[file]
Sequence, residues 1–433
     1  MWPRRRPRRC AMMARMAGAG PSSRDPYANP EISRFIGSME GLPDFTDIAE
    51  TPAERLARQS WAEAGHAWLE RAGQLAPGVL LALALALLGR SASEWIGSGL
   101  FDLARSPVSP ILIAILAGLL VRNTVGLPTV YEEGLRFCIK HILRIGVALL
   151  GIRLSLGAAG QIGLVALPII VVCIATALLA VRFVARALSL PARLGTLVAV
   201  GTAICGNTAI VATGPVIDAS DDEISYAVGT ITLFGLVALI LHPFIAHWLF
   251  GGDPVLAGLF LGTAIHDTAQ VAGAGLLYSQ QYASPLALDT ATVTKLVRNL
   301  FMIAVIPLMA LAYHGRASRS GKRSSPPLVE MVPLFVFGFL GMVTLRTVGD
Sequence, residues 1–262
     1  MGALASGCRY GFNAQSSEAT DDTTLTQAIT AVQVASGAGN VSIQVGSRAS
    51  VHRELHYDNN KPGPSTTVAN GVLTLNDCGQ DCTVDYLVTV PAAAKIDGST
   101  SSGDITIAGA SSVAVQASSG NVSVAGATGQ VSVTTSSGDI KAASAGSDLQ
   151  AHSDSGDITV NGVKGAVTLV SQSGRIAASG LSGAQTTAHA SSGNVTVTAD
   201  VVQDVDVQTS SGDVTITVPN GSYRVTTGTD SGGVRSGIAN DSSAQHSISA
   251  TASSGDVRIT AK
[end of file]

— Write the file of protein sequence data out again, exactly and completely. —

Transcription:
Sequence, residues 1–433
     1  MWPRRRPRRC AMMARMAGAG PSSRDPYANP EISRFIGSME GLPDFTDIAE
    51  TPAERLARQS WAEAGHAWLE RAGQLAPGVL LALALALLGR SASEWIGSGL
   101  FDLARSPVSP ILIAILAGLL VRNTVGLPTV YEEGLRFCIK HILRIGVALL
   151  GIRLSLGAAG QIGLVALPII VVCIATALLA VRFVARALSL PARLGTLVAV
   201  GTAICGNTAI VATGPVIDAS DDEISYAVGT ITLFGLVALI LHPFIAHWLF
   251  GGDPVLAGLF LGTAIHDTAQ VAGAGLLYSQ QYASPLALDT ATVTKLVRNL
   301  FMIAVIPLMA LAYHGRASRS GKRSSPPLVE MVPLFVFGFL GMVTLRTVGD
Sequence, residues 1–262
     1  MGALASGCRY GFNAQSSEAT DDTTLTQAIT AVQVASGAGN VSIQVGSRAS
    51  VHRELHYDNN KPGPSTTVAN GVLTLNDCGQ DCTVDYLVTV PAAAKIDGST
   101  SSGDITIAGA SSVAVQASSG NVSVAGATGQ VSVTTSSGDI KAASAGSDLQ
   151  AHSDSGDITV NGVKGAVTLV SQSGRIAASG LSGAQTTAHA SSGNVTVTAD
   201  VVQDVDVQTS SGDVTITVPN GSYRVTTGTD SGGVRSGIAN DSSAQHSISA
   251  TASSGDVRIT AK